(Bloomberg) -- Goldman Sachs economists say spending by foreign travelers may rise by almost a third from pre-pandemic levels as travel restrictions are eased in a boost for Japan’s economy thanks partly to the slide in the yen.
A “ball-park estimation” shows the possibility of inbound spending rising by 32% to 6.6 trillion yen ($46.4 billion) annually after a full reopening of the economy compared with 2019, according to Yuriko Tanaka and Naohiko Baba in a report.
Prime Minister Fumio Kishida, speaking Thursday in New York after Japan intervened in currency markets to prop up the yen, said he will abolish a range of Covid border controls from Oct. 11 including visa waivers and a cap on daily arrivals. The country had almost 32 million visitors in 2019, before virus restrictions limited movement into the country to a trickle.
The premier has increasingly stressed the need to take advantage of a weak yen as it hovers near 24-year lows against the dollar. The dropping of the restrictions will offer support for the country’s flagging tourism industry and regional economies, though it remains far from clear how quickly foreign tourists will return to Japan.
The Goldman economists base their larger inbound spending projections on an increase in purchasing power for overseas visitors using a cheaper yen and gains in gross domestic product per capita in China. Tourists from China were the largest spending visitors in Japan before the pandemic.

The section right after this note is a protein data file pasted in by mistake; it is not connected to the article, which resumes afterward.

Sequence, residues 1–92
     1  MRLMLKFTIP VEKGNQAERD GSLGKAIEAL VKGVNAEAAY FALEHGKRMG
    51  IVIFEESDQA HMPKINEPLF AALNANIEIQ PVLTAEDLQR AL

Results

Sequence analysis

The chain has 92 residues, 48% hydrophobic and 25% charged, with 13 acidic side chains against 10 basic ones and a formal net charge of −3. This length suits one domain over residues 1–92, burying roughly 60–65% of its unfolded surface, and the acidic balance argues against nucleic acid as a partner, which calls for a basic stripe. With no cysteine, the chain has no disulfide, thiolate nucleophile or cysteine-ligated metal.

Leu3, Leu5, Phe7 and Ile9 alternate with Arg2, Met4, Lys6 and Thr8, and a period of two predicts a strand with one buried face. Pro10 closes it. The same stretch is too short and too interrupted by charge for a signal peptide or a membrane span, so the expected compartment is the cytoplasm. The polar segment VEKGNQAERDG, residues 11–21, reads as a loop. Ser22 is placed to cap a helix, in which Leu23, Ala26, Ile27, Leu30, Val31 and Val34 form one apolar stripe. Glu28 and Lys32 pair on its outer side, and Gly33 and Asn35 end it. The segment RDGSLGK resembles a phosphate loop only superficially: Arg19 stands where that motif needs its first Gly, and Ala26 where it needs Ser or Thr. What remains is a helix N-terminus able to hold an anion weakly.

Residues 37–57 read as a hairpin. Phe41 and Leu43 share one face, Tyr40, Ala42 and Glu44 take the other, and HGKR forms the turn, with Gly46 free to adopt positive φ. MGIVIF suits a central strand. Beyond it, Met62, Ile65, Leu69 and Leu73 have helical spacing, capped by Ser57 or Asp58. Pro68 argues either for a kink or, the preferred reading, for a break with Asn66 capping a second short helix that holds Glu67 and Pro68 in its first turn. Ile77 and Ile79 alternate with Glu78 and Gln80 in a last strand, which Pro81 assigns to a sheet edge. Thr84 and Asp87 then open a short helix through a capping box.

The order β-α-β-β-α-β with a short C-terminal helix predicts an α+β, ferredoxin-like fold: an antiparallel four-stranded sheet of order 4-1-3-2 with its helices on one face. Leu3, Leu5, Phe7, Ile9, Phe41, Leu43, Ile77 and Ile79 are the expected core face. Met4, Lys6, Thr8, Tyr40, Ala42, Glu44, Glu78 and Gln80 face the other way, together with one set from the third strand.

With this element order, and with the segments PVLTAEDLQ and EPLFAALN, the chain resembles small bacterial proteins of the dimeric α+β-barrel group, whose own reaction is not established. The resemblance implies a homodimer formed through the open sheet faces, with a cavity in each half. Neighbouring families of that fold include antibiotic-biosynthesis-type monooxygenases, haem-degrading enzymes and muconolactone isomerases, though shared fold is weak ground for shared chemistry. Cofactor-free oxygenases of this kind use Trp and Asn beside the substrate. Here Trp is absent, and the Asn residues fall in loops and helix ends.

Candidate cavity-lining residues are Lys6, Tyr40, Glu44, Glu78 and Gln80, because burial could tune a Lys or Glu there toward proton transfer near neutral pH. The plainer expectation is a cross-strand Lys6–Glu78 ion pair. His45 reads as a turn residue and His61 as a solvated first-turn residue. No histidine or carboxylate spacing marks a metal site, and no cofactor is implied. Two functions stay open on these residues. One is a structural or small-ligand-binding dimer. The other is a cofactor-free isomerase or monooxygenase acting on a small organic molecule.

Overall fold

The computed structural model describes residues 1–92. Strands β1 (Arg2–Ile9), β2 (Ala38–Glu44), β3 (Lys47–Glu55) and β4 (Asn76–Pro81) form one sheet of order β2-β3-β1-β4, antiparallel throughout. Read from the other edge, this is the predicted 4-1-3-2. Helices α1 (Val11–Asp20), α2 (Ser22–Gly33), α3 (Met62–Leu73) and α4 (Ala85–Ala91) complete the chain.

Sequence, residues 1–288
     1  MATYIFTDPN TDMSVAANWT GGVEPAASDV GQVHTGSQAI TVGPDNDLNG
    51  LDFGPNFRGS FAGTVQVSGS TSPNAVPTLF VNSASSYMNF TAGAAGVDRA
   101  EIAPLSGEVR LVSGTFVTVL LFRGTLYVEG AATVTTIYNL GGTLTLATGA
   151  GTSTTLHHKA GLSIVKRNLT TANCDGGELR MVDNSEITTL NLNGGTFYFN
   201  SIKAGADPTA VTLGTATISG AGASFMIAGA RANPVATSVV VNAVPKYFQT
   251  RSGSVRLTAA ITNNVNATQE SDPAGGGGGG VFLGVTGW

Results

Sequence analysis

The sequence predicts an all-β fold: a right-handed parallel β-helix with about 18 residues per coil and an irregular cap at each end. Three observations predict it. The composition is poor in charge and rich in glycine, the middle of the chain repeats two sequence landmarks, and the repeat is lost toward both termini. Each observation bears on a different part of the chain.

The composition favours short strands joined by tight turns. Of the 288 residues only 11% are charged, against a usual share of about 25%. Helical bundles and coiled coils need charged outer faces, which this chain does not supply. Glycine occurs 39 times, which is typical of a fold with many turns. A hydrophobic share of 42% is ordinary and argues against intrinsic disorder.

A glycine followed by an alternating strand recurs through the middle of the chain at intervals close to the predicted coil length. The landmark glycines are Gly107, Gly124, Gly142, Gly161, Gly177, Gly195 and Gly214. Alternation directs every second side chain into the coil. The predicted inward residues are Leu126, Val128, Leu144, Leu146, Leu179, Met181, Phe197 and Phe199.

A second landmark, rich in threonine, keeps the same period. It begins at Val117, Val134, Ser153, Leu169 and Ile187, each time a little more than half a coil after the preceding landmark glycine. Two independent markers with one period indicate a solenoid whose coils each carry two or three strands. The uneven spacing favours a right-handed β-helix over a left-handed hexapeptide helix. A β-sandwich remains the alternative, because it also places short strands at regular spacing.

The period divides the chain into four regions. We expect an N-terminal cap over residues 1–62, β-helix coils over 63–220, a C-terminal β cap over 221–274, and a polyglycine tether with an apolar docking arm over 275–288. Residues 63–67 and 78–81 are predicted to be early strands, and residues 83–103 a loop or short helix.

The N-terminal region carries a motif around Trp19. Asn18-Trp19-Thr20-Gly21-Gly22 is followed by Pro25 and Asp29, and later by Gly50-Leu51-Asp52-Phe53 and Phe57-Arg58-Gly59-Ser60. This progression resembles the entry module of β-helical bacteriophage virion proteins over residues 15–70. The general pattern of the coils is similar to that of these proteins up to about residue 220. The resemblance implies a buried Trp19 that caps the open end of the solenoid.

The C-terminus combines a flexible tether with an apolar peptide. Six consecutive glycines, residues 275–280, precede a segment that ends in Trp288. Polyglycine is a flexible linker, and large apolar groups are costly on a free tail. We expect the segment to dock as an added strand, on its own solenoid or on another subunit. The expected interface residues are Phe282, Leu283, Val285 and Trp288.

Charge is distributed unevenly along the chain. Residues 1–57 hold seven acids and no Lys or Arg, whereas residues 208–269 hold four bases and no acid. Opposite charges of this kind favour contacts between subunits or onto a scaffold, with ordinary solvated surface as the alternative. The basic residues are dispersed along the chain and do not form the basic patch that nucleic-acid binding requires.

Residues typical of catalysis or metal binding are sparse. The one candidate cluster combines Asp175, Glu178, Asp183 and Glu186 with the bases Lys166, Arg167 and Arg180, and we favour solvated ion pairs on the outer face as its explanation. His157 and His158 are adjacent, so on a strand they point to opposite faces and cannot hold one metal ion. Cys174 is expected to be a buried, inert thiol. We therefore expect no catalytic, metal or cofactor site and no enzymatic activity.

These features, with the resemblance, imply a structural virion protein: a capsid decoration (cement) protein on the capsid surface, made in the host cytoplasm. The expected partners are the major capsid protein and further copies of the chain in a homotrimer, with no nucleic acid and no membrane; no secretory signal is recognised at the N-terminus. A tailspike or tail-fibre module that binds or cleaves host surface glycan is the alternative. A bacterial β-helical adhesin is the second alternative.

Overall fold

Subtracting spending abroad by Japanese tourists would bring net inbound spending to 4.3 trillion yen, a large enough amount to save the current account balance from falling into a deficit, they said. The report assumes Japanese tourists would end up spending the same amount abroad despite the weakness of the yen.
“We think it is important to keep in mind that Japan could potentially benefit over the medium term from significant levels of pent-up inbound visitor demand,” the analysts said.
Still, the Goldman report also cited reasons for caution. Foreign visitors are likely to return only gradually. In particular tourists from China might take longer to return due to restrictions in their own country that are unlikely to be eased “meaningfully” before at least the second quarter of 2023.
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